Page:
Crane Spotter – Robbed of Recognition – August 2022

Robin (Erithacus rubecula)

Take a good look at the photo here, folks.

Guess what it is? Haven’t a clue? Well neither have four in ten people, apparently.

Can you believe it? Yes, 40% of the public cannot identify a Robin, according to results of a survey by housebuilding company Redrow. Let’s hope those developers have better recognition skills!

This seems incredible to me and, since you are reading this, probably to you too. What on earth has happened to Brits that they cannot recognise one of our most common birds, ‘Robin redbreast’ – our national bird? Dunno. Maybe they see very little of what’s around them because they walk about with eyes glued to their phone and blot out all natural sounds with earphones. Perhaps they don’t buy Christmas cards and have never received any because their friends are too self-absorbed to send one. Possibly they spend all their spare time catching up on box sets. Some like Game of Thrones seem to go on forever. But a mate of mine made sure he saw every series when he took up with a new girlfriend, who was a big fan. And he still made time to go birding.

At school we had posters on the classroom wall featuring all things wildlife – mammals of Britain, garden birds, wild flowers, common insects and butterflies.

The latter inspired me to cover much of England and Wales to try and see every breeding butterfly species still available. This produced good birds too during some educational exploits. I had to climb one Lake District mountain three times in different years to finally catch up with Mountain Ringlet and the final addition involved a horrendous night beside a remote loch in Scotland. There I was attacked by scores of biting midges and mosquitoes who sneaked into my sleeping bag. I had no trouble identifying them! Next morning I enjoyed close views of what I was really after, Chequered Skippers (then extinct in England), and I celebrated with hefty applications of Calamine lotion.

I’ve since learned the value of buying Skin So Soft from the Avon lady. It does the job brilliantly even in the marshes of Poland where an unprotected friend suffered more bites than could be counted from an unforgiving army of mozzies of Godzilla proportions. I emerged unscathed.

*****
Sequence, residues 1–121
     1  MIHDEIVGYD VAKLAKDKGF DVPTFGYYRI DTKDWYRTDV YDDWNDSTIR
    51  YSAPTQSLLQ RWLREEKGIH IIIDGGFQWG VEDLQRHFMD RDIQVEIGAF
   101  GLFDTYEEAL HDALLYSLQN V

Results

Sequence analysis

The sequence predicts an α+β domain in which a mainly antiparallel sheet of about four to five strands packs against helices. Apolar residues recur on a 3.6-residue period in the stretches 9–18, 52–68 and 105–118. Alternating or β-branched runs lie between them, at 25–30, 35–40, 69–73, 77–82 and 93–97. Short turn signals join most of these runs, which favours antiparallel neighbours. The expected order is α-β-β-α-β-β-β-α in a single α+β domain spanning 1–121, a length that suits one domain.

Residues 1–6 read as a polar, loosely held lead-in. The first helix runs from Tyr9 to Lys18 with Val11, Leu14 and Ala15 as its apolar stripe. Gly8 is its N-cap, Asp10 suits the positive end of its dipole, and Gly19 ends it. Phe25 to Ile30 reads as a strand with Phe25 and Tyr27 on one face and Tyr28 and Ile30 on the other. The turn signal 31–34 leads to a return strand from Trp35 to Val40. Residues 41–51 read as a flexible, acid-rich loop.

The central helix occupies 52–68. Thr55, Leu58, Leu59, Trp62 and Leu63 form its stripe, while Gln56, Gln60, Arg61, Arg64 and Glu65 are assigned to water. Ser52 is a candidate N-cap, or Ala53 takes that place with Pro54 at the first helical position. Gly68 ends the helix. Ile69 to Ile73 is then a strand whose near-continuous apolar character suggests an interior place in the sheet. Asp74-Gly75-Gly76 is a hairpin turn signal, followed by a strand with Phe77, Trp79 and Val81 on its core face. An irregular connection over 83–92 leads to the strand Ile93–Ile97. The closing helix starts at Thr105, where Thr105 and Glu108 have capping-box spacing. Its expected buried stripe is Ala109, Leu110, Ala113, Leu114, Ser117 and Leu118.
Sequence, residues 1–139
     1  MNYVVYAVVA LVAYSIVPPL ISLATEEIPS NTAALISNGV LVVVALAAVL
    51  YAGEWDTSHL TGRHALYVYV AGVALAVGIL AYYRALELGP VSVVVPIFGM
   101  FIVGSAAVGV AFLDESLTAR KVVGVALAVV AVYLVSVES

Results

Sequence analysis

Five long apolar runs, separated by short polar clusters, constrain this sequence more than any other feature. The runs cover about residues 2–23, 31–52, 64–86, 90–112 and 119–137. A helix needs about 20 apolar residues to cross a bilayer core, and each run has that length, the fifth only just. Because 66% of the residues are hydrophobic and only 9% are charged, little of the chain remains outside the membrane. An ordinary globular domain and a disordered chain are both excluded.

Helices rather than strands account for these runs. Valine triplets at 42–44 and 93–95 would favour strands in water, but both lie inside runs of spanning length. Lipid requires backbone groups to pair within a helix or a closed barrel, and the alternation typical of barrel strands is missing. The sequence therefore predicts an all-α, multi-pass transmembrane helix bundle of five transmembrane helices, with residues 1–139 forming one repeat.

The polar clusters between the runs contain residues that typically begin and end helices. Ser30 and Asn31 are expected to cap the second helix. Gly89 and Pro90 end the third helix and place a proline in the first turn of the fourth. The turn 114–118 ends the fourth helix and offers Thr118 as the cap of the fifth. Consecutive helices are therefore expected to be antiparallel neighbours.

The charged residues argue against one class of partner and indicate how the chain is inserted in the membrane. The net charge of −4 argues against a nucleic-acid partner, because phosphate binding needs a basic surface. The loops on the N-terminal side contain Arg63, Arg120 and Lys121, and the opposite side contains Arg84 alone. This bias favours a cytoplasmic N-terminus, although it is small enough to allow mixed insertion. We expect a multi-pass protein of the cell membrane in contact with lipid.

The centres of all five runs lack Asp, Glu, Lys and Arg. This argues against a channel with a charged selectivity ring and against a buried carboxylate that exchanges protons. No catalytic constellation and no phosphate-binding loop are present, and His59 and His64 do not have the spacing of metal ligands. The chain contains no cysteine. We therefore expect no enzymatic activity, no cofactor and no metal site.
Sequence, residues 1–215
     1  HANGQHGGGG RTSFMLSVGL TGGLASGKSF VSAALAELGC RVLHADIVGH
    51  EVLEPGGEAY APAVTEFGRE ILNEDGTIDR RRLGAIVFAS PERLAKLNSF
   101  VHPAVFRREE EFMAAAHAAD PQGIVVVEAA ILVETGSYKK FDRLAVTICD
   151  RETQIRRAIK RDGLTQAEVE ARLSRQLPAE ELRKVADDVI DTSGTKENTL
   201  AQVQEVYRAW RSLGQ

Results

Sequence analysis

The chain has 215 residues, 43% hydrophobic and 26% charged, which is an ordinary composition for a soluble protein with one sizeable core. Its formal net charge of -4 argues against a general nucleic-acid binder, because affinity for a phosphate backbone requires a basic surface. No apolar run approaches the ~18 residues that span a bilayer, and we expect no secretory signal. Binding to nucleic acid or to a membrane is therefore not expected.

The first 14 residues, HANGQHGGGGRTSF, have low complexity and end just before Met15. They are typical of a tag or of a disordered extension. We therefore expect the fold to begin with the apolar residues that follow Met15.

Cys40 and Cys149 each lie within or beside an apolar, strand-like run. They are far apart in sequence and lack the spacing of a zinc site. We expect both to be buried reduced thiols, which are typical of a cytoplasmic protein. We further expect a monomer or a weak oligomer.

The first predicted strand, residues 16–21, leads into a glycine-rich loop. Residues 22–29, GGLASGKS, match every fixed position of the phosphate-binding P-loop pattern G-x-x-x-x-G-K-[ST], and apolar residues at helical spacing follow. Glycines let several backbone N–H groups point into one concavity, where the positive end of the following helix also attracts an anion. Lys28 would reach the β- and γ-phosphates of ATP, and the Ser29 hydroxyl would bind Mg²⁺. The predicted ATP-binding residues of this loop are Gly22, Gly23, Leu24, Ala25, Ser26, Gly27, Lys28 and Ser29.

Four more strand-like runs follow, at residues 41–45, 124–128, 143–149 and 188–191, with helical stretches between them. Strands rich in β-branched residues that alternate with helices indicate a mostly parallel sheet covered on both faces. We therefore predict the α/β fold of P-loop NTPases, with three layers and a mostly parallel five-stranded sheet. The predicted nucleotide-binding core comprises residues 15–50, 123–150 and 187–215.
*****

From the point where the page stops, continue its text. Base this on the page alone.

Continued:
American Robin (Turdus migratorius)

But back to the Robin survey. News of the result at the time of two by-elections this summer brought a mixture of gasps and ‘it’s no surprise’ comments on my Twitter. ‘Niall’ wrote: ‘Thankfully, a study in Tiverton and Wakefield has revealed that more Brits are recognising a Dodo when they see one.’

‘Keith’ blamed the demise of natural history lessons ‘that were wiped from our schools’ curriculums three generation ago.’ He added: ‘Our education system has created three generations with no idea about the natural environment surrounding them! Rather than being part of it they feel alienated from it!!’ Like some others I partially blame the original Mary Poppins. In one of cinema’s most memorable cock ups they used the wrong kind of Robin. In the film she reaches out of a window, in London, and her Spoonful Of Sugar song magically attracts a Robin to her hand. Only trouble is – it is an American Robin. Everything is bigger in America so she’s singing to a much larger Blackbird-sized bird with a red breast, white ‘spectacles’ and a US accent. This remains a big rarity in Britain and attracts a large crowd when one turns up – but it is not as friendly as our garden Robin which sometimes really will come to people’s hands for food. So what was that American Robin doing in ‘London’? Dunno. But a real wild one did arrive there in March 2006 and I miserably failed to see it over two successive days. Annoyingly it turned out this bird had been in the vicinity for some weeks during the winter.

Unfortunately nobody knew what it was and word was only put after someone asked the RSPB – two days before it vanished for good.

American Robin (Turdus migratorius)

I was particularly keen to see it as it had turned up in a part of south London that still counts as being within the historical Surrey map, which is retained to provide consistency in the recording of bird sightings. An American Robin in Surrey attracted many county birders – to guess where. We found ourselves in Del Boy country. Peckham! Apart from not seeing it during searches of the streets, front gardens and a small local park, there were other matters to contend with. People with binoculars in busy places inevitably attracted the inquisitive including locals who came to ‘run the rule’ over us rather than the bird. And others were showing a somewhat over-zealous interest in our optics as they repeated drive pasts in aging BMWs. It was a bit of a circus as our group stood on a street corner opposite a berry bush. Helpful residents kindly pointed out this was the very spot where the American Robin was feeding only that very morning.

Press interest was rife too and a few birders hastily disappeared after a national newspaper photographer turned up to record the event. Someone spotted him arriving and suggested that if anyone was skiving off work or throwing a sickie then they’d better make a quick exit before their boss recognised their photo among the crowd next morning.

I was able to stay put (legit’ afternoon off). As did the American Robin who was perhaps watching, hidden from view. It was not recognised or reported there again.

Twitter – @Crane_Spotter
Click here to see all of Robin Stride’s previous Crane Spotters.

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